The Musk lawsuit begs the $ 2 billion question: who controls Tesla?

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The Musk lawsuit begs the $ 2 billion question: who controls Tesla?


July 9 (Reuters) – Does Elon Musk control Tesla Inc (TSLA.O) or does Tesla control Elon Musk?

More than $ 2 billion depends on this issue as a trial begins Monday. Shareholders allege Musk used his control over Tesla to force the company in 2016 to save SolarCity, thereby saving the solar panel maker – and Musk’s investment in the company – from bankruptcy.

Union pension funds and asset managers running the case want Musk to reimburse Tesla for the cost of the $ 2.6 billion deal and return the profits from his SolarCity stock. If they win it would be one of the biggest judgments against an individual.

The two-week trial in the Wilmington, Delaware Court of Chancellery will come down to whether Musk, who owned around 22% of Tesla at the time of the transaction, is that rare majority shareholder who does not have a controlling stake.

“I think it will be very difficult for the court to ignore the reality that Elon Musk is Elon Musk and his relationship with Tesla,” said Ann Lipton, professor at Tulane University Law School.

She said the case could present an unusual situation given Musk’s celebrity status, personal ties to Tesla board members, and those members’ financial ties to SolarCity.

“Put it all together, and it might be enough to count as a majority shareholder,” she said.

Few executives dominate their corporate image as much as Musk, known for mocking regulators, battling naysayers, and engaging personally with his 57 million Twitter followers.

“We depend heavily on the services of Elon Musk, Technoking of Tesla and our CEO,” Tesla’s 2020 annual report said.

The plaintiffs allege that Musk led the negotiations and even pushed Tesla’s board to raise, not lower, the price of SolarCity.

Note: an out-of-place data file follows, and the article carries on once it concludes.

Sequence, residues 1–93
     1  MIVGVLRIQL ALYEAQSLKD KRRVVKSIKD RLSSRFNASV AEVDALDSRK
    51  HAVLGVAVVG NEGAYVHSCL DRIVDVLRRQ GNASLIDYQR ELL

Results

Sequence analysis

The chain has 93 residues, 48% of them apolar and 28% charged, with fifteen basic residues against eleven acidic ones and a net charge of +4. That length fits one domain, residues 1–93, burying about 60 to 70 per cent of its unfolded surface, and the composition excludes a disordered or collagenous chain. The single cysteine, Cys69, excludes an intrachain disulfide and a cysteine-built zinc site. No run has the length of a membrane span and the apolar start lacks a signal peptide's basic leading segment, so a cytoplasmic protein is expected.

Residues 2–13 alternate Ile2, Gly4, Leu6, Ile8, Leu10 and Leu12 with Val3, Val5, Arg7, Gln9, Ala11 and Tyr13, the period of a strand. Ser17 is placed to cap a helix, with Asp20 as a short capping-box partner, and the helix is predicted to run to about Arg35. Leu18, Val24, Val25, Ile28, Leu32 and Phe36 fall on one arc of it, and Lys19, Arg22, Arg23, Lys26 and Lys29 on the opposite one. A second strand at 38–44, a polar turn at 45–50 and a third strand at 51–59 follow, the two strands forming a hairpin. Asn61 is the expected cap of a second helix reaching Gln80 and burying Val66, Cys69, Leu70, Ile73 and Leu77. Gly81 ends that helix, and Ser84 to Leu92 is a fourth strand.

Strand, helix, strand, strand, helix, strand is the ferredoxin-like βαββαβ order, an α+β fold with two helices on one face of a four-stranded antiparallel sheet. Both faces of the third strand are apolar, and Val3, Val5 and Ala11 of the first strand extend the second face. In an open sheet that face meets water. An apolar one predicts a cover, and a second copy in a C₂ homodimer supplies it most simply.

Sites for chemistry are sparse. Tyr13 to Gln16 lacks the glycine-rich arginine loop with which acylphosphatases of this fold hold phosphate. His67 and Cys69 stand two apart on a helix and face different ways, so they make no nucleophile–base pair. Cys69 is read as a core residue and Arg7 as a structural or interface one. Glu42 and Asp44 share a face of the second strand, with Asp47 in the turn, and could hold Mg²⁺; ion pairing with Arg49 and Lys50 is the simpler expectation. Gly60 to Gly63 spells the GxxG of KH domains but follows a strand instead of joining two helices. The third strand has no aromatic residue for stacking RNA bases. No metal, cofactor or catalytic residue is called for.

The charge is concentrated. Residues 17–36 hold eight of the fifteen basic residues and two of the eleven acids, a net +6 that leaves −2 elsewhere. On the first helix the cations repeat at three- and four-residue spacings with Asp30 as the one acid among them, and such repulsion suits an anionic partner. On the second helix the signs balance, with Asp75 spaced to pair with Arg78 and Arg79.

A higher price benefited Musk, who was SolarCity’s largest shareholder, with an approximate 22% stake, as well as four Tesla board members, who directly or indirectly owned shares in SolarCity. , according to court records.

Board members settled the allegations against them last year for $ 60 million and have admitted no wrongdoing.

The plaintiffs also allege that the deal benefited two of Musk’s cousins ​​who founded SolarCity, saving a business that was quickly running out of cash.

Musk said he was “totally challenged” from board negotiations and that shareholders voted to approve the deal because it was central to his “Master Plan, Part Deux” which aims to incorporate the sustainable solar energy to self-driving electric cars.

He said what complainants see as proof of control is little more than sound management.

“Taken to its natural conclusion, virtually any ‘practical’ and ‘inspirational’ CEOs ‘holding minority shares would be considered controllers,’ Musk’s attorneys wrote in a court filing.

If Vice-Chancellor Joseph Slights determines that Musk was a majority shareholder, it will be up to Musk to prove that the SolarCity deal has reached the high bar of the “total fairness” standard, which examines process and price, have said legal experts.

Musk noted in court documents that the SolarCity deal was a huge success for Tesla shareholders, demonstrating that the deal was not only fair, but a godsend. After Tesla split its stock 5 to 1 in 2020, it rose to $ 652 on Thursday, from nearly $ 37 per share when the deal closed in November 2016.

“If the Vice Chancellor thinks this deal was horrible and was not negotiated effectively on behalf of the company, he will cancel it,” said Larry Hamermesh, professor at Delaware Law School.

Reporting by Tom Hals in Wilmington, Delaware and Sierra Jackson in New York; Editing by Noeleen Walder and Dan Grebler

Our Standards: The Thomson Reuters Trust Principles.

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